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The Use of Observation in Two Courses

I teach the skill of observing and interpreting behavior through two courses, one on Parenting Education and the other on Child Development. In each course, students have off-campus placements for the semester where they can make direct observations of child or parent-child behaviors. Weekly assignments to write observations help the students learn to apply the course concepts to extract greater meaning from what they observe. That is the primary aim of the observation assignments: to learn to see the world through the course constructs, and thereby to see it with greater meaning, and to really understand the concepts. A second purpose is to learn to write in a way that clearly and consistently separates our objective observations from our subjective interpretations (a skill that, for example, physicians, nurses, social workers, therapists, and others must master). Lastly, students produce a professional product, usually a newsletter for their placement site, at the end of the semester.

The basic assignment is simple. Write an observation that illustrates one or more concepts from the course, breaking the written report into two parts with these subheads: “What we saw,” and “What it means.” The first part, the observation, should be objective, descriptive, and clear. It should use exact quotes if people spoke, and provide details and descriptive language to communicate unobservable factors such as emotional states (“Her eyes opened wide” rather than “she was surprised”). A great observation tells a small story.

The second part of the written report is the interpretation. I ask students to use one or more concepts from the course to interpret and add meaning to the observation. They should highlight and unobtrusively define the concepts they use, and refer back to the specifics of the observation to justify each concept. A really good interpretation will provide a larger context and significance to the observation by explaining why this particular part of parenting or child development is important (e.g., how it predicts later outcomes). The sample observations below show how succinctly this can be done. And writing succinctly is our aim.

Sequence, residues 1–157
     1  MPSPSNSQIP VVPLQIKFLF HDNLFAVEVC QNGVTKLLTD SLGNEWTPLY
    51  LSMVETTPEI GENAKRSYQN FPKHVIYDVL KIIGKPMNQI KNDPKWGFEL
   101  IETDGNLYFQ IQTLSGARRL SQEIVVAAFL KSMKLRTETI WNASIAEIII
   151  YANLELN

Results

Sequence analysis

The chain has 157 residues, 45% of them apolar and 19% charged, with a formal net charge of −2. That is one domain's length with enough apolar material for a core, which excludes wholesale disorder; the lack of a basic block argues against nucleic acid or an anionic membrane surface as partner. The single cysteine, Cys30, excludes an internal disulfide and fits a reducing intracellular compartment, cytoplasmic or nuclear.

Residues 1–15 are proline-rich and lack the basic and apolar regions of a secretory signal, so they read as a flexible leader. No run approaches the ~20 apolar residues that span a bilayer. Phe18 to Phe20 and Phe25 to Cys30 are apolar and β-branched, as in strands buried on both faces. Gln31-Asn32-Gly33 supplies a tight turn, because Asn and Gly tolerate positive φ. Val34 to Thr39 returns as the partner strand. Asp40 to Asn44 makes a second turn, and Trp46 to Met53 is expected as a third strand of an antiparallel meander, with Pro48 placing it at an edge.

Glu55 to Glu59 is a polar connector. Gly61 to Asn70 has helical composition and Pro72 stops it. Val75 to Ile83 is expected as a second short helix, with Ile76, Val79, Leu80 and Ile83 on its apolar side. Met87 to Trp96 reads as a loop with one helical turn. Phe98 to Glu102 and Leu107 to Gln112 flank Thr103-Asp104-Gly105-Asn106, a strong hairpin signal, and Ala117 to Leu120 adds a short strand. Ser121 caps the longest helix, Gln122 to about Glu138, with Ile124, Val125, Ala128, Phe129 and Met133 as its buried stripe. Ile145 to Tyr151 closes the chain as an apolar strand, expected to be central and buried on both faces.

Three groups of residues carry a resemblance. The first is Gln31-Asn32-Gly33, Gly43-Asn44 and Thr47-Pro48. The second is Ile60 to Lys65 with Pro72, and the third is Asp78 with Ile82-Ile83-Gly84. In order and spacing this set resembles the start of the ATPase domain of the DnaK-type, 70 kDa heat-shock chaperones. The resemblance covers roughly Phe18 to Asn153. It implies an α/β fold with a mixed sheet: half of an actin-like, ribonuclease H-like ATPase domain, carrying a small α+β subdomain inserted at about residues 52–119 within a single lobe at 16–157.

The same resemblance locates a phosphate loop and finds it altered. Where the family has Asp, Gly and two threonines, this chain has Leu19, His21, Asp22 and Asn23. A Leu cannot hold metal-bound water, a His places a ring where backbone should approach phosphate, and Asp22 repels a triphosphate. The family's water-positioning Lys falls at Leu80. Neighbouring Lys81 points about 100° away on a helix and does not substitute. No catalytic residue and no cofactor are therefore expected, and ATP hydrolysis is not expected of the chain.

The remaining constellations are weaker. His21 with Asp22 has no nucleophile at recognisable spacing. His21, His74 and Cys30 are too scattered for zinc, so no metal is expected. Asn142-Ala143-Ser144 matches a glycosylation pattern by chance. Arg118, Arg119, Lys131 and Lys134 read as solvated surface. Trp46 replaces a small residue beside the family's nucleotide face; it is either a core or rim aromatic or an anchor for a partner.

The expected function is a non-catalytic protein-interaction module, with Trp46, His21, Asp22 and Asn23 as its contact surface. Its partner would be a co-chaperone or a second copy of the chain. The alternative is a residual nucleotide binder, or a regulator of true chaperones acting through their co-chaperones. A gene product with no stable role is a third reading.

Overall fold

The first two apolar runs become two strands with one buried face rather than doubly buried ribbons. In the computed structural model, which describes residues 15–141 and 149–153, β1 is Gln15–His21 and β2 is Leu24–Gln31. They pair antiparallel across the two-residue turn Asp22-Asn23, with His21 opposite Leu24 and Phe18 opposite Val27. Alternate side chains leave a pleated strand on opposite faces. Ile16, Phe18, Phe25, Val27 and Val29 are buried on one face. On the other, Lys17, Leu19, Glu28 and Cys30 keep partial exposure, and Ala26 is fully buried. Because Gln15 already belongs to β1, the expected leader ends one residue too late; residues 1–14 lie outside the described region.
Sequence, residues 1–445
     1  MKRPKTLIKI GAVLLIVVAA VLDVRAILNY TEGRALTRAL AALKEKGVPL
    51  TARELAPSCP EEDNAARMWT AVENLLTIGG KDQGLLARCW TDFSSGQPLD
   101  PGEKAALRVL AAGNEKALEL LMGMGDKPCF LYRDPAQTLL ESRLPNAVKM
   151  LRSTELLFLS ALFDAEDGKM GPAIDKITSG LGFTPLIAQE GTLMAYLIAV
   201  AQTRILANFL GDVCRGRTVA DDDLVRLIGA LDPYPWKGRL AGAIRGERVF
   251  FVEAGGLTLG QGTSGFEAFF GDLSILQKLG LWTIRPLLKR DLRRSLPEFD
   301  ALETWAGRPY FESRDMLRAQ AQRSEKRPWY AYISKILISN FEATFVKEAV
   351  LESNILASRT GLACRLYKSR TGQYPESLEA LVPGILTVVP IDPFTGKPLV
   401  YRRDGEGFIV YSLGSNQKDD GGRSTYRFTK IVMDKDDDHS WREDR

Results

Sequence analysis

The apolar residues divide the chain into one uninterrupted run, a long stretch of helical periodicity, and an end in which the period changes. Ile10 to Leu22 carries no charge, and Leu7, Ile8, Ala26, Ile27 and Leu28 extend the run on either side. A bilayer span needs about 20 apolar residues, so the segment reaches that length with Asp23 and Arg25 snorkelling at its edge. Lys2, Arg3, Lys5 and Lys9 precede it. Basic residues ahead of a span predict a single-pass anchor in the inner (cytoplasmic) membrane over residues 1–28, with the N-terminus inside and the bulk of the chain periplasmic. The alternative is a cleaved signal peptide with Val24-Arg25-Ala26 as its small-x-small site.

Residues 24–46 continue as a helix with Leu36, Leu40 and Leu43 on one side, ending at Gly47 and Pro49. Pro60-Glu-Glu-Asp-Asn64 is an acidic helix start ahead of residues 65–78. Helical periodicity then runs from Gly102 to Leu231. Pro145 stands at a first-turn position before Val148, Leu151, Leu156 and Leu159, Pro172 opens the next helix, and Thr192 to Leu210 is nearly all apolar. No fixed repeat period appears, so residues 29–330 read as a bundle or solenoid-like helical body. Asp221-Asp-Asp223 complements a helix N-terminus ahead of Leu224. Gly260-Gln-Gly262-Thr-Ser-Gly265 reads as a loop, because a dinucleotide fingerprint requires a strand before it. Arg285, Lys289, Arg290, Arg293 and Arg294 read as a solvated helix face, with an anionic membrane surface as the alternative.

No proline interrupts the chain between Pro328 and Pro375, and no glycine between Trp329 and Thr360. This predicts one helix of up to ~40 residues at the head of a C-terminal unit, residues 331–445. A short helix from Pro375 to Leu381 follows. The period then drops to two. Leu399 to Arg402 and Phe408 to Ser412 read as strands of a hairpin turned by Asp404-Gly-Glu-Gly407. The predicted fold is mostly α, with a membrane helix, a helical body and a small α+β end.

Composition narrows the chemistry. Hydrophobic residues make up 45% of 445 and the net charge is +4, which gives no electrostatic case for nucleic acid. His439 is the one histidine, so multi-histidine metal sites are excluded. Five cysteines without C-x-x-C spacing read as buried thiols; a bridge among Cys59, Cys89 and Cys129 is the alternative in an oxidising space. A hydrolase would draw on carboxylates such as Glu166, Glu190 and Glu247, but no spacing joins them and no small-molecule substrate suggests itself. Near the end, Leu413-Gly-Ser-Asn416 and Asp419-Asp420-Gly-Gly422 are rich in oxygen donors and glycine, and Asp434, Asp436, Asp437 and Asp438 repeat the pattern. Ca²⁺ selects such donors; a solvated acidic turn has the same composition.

In some classes, I have the students bring to class 3 copies of their one- page observation report, and in groups of three they critique each other’s writing. Students then revise their observations before turning them in.

The in-class writing lab is especially useful for the weaker writers in the class, as they see firsthand what the excellent writing of other students’ looks like, and they understand why it is good writing by having to critique it. Each week, I also show 2-3 observation reports that have noteworthy strengths (making sure to share one from every student over the course of the term), projecting them on the overhead screen for discussion. Besides discussing the exemplary aspects of each, we also play the game of guessing what meaning the writer extracted from their observation. For example, read the first paragraph of the sample observation from one of my students shown below. Cover the second paragraph (“What it means”) with your hand. Try guessing what meaning you might extract from this observation and then lift your hand to see what the writer did with it. Doing this as a class consistently led to unexpected insights and meanings that I had not anticipated. It also led to two consistent insights: (1) observing takes active effort, the opposite of passive activities like watching TV or listening to music; and (2) even very simple and short observations can generate great amounts of meaning to a person who is prepared with the concepts of our field.

 
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